The Written Poem: Semiotic Conventions from Old to Modern English by Rosemary Huisman | 9780304707348 | Paperback | Barnes & Noble
The Written Poem: Semiotic Conventions from Old to Modern English

The Written Poem: Semiotic Conventions from Old to Modern English

by Rosemary Huisman
     
 

ISBN-10: 0304707341

ISBN-13: 9780304707348

Pub. Date: 01/01/1999

Publisher: Bloomsbury Academic

This text discusses the visual and graphic conventions in contemporary poetry in English. It defines contemporary poetry and its historical construction as a "seen object" and uses literary and social theory of the 1990s to facilitate the study. In examining how a poem is recognized, the interpretive conventions for reading it and how the spacial

Overview

This text discusses the visual and graphic conventions in contemporary poetry in English. It defines contemporary poetry and its historical construction as a "seen object" and uses literary and social theory of the 1990s to facilitate the study. In examining how a poem is recognized, the interpretive conventions for reading it and how the spacial arrangement on the page is meaningful for contemporary poetry, the text takes examples from individual poems. There is also a focus on changes in manuscript conventions from Old to Middle English poetry and the change from a social to a personal understanding of poetic meaning from the late 18th through the 19th century.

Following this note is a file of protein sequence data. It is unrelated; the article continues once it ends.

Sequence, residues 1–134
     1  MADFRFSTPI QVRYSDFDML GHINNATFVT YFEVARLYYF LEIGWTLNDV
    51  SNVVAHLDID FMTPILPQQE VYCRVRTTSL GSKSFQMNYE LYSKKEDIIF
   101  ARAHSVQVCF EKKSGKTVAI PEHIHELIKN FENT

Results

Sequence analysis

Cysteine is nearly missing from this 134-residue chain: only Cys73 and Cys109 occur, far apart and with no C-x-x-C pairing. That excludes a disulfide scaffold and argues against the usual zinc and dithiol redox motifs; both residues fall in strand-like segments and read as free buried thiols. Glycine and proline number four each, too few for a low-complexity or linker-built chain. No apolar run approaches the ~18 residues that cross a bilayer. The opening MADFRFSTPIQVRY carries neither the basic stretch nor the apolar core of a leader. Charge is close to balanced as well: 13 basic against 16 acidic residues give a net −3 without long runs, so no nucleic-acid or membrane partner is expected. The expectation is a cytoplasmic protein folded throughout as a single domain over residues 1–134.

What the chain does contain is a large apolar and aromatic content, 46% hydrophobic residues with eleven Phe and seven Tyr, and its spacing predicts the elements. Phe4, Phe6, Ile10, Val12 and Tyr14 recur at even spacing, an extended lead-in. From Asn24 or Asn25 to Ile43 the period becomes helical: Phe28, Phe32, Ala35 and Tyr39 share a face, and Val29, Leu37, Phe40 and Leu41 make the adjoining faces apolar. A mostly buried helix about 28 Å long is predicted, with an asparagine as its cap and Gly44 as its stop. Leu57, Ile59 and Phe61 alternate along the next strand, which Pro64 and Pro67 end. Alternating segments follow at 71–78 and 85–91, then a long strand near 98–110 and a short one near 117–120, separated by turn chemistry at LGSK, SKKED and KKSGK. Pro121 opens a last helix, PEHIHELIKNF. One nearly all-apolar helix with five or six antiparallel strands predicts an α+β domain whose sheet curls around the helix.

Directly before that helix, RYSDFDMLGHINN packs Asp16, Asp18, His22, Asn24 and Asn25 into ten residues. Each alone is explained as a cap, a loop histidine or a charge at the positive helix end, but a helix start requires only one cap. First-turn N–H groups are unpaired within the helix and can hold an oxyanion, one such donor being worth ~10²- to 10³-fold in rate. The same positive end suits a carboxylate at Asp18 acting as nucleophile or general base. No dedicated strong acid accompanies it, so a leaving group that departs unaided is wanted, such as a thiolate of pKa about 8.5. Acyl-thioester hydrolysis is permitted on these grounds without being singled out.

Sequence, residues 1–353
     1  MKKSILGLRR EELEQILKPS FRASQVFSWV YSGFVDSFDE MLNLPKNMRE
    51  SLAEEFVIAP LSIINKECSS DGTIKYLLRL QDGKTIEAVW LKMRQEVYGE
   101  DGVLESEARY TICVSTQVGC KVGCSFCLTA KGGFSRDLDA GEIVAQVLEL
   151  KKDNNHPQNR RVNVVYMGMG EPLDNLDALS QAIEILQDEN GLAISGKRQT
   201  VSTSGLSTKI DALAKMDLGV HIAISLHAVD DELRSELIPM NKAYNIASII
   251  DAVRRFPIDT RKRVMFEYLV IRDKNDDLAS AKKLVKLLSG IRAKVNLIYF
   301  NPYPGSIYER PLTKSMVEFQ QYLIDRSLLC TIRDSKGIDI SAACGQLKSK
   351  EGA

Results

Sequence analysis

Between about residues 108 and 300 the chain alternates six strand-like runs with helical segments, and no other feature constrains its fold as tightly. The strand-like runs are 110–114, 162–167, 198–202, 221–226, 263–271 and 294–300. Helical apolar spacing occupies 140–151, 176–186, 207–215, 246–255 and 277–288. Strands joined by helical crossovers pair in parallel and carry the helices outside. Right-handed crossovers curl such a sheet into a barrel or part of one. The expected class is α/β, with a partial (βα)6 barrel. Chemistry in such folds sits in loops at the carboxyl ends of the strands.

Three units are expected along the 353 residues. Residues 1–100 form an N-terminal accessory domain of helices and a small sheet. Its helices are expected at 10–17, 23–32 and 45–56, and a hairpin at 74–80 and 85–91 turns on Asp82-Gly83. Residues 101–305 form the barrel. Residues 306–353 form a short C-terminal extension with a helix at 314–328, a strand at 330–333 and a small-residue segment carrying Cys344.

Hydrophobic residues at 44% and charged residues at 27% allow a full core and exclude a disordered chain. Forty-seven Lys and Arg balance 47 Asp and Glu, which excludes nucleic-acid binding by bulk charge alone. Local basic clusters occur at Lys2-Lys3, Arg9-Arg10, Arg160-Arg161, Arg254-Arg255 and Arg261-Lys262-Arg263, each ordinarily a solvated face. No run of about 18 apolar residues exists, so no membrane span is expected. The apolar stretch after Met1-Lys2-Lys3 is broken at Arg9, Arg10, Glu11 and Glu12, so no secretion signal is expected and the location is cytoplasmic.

Product Details

ISBN-13:
9780304707348
Publisher:
Bloomsbury Academic
Publication date:
01/01/1999
Pages:
192
Product dimensions:
6.36(w) x 9.22(h) x 0.64(d)

Table of Contents

Acknowledgements vii
Introduction 1(6)
Part One Contemporary Poetry
Poetic Discourse and Genre
7(26)
The Seen Poem and Its Semiosis
33(8)
The Semiotic of Art and Music
41(17)
The Semiotic of the Body
58(12)
The Semiotic of Language
70(29)
Part Two From Old English to Contemporary Poetry
The Origin of the English Line, 1100--1300
99(28)
The Transition to a Literate Subject, 1500--1800
127(16)
The Reading Subject and the Writing Subject, 1800--1900
143(24)
Epilogue The Postmodern Subject and the New Media Poem
160(7)
Bibliography 167(12)
Index 179

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